Scene from an unpublished novel about a dysfunctional family struggling in the aftermath of two World Wars as the millennium approaches.
A couple of times a year, Jamie's grandparents would brace themselves to take him on a trip to a theme park or adventure playground and made a great show of having fun. He couldn’t make out where they were coming from because they were normally quite humourless. Above Jamie’s head, they would bicker about what children liked and what disciplines were called for, each claiming a superior interpretation of scriptural wisdom.
After these outings, he’d have bizarre dreams in which his grandparents were cast as 2-D comic Disney characters, pulling and twisting with the immanent velocity of the plot. It was funny, but sort of scary too, like those supermarket promotions where a big, furry cereal monster greeted you at the door looking friendly and benign, but you knew there was an unknowable being inside the costume.
On one occasion, they’d taken him to a Safari Park and monkeys had clambered all over Grandpa’s newly waxed Vauxhall and torn off the windscreen wipers as if they were stripping bamboo. He had made believe they were mischievous tykes and grunted with grisly laughter, but Grandma’s face was menacing with indignation. All day, even over their corned beef picnic, she talked of recompense, insurance. It was no use Grandpa pointing out the notice disclaiming indemnity against such risks. She didn’t blench at the sight of the lions and tigers lunching on blood-smeared carcasses, but turned pale and uptight when he depressed the accelerator hard to show Jamie how the car could whizz along ‘to give the pipes a good blow’.
“Edwin! You’re over the limit! Don’t expect to be kept safe! It’s not me speaking, it’s God!”
With the penetrating and uncluttered intuition of a child, Jamie knew that his Grandpa’s mastery of the machine was the one aspect of performance in which he could excel and have Grandma at his mercy.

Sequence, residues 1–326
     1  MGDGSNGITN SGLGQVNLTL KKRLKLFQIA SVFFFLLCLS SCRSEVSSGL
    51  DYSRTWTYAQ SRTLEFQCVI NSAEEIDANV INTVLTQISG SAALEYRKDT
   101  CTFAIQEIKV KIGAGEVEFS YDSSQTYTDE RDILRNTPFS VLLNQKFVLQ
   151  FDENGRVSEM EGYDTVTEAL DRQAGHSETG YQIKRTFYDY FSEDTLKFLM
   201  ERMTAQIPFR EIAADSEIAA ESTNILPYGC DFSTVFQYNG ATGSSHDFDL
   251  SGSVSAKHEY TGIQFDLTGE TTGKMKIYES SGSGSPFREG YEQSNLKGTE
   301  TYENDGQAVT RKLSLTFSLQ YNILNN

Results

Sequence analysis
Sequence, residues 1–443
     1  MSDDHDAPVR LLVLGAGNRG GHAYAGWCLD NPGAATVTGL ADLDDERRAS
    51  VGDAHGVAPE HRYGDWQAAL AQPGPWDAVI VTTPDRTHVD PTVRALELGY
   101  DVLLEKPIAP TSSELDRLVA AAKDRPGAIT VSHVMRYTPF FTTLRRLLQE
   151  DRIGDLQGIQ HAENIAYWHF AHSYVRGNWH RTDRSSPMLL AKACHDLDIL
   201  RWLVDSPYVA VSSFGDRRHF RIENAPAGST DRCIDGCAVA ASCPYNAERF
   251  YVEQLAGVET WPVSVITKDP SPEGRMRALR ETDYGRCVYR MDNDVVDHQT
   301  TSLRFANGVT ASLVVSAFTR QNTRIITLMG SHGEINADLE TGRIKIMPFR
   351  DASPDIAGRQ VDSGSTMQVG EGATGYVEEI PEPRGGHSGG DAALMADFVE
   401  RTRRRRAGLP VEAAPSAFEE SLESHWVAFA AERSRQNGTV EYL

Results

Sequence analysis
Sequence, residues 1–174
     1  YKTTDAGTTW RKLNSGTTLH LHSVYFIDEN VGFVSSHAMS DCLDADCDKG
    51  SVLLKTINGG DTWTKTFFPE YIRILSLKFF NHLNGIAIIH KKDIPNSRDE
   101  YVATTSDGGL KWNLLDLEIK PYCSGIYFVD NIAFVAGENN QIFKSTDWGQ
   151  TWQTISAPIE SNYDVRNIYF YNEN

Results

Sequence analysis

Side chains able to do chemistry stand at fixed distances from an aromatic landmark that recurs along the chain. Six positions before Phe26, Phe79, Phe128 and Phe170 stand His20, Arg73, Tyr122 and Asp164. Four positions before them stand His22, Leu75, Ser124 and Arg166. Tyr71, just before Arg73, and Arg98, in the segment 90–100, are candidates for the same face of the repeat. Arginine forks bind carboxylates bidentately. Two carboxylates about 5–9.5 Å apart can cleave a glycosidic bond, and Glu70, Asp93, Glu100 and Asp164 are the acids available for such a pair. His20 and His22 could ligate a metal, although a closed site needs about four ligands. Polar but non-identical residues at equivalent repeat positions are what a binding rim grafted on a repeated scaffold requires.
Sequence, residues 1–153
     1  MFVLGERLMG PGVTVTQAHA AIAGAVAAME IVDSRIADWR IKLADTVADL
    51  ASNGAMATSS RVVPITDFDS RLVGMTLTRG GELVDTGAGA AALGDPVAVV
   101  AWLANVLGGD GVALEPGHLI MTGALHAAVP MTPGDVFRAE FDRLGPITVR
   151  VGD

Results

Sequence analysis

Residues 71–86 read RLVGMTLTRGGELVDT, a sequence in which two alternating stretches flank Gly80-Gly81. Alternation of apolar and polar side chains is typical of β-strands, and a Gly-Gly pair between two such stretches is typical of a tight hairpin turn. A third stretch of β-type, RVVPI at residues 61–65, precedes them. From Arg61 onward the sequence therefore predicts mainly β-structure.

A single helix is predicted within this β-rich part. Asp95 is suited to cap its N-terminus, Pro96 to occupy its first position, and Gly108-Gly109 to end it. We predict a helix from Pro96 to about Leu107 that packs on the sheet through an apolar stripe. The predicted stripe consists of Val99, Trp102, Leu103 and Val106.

When she went off to the Ladies, Grandpa told Jamie about an awful dream he kept having.
He was riding a tiger. He was sitting precariously upon its bare back and could see the muscles rippling through the striped sheen of its fur. The tiger repeatedly turned its head and snarled. A hollow rumble was coming from its jaws. Every time hanging foliage whipped against Grandpa's face, he had to concentrate hard to keep his balance. If he fell off, he would be devoured in seconds.
Jamie listened agog. Disappointment at the open ending of the story was stilled by a dull relief.
Then Grandpa said: “You know, don’t you, James, that Grandma’s got native blood? Pirates from the Barbary coast!"
Jamie had only the haziest grasp of what this might mean. He was inherently blind to shades of skin. His best chum's father was from Nairobi. It was not a good time to probe such matters because Grandma was coming back wearing her usual sour expression. She appeared for all the world to be sucking lemons.
“Right then!” said Grandpa. “There’s enough wind to fly a kite today! What do you say, James?”
Evermore, James was to associate kite-flying with the dream. The trouble with kites was that if you let go, they took off in a demented whirl, up and away, before a nosedive over some entangling wood, or plumb into the middle of dark, deep waters where they sank without trace.
Images courtesy of Nancy Tillman, children's illustrator.